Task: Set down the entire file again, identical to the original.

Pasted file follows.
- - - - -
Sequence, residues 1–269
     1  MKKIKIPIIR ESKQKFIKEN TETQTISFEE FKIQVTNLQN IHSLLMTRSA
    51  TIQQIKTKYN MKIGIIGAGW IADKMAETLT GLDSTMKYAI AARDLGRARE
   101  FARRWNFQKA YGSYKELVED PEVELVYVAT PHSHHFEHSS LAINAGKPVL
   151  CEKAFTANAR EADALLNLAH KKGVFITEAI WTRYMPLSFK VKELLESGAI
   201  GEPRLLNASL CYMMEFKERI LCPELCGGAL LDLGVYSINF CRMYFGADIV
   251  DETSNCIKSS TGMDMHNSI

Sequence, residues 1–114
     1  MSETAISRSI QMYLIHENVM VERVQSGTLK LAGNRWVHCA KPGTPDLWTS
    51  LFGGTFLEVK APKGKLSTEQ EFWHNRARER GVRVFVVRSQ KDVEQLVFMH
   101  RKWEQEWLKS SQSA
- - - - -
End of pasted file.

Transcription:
Sequence, residues 1–269
     1  MKKIKIPIIR ESKQKFIKEN TETQTISFEE FKIQVTNLQN IHSLLMTRSA
    51  TIQQIKTKYN MKIGIIGAGW IADKMAETLT GLDSTMKYAI AARDLGRARE
   101  FARRWNFQKA YGSYKELVED PEVELVYVAT PHSHHFEHSS LAINAGKPVL
   151  CEKAFTANAR EADALLNLAH KKGVFITEAI WTRYMPLSFK VKELLESGAI
   201  GEPRLLNASL CYMMEFKERI LCPELCGGAL LDLGVYSINF CRMYFGADIV
   251  DETSNCIKSS TGMDMHNSI

Sequence, residues 1–114
     1  MSETAISRSI QMYLIHENVM VERVQSGTLK LAGNRWVHCA KPGTPDLWTS
    51  LFGGTFLEVK APKGKLSTEQ EFWHNRARER GVRVFVVRSQ KDVEQLVFMH
   101  RKWEQEWLKS SQSA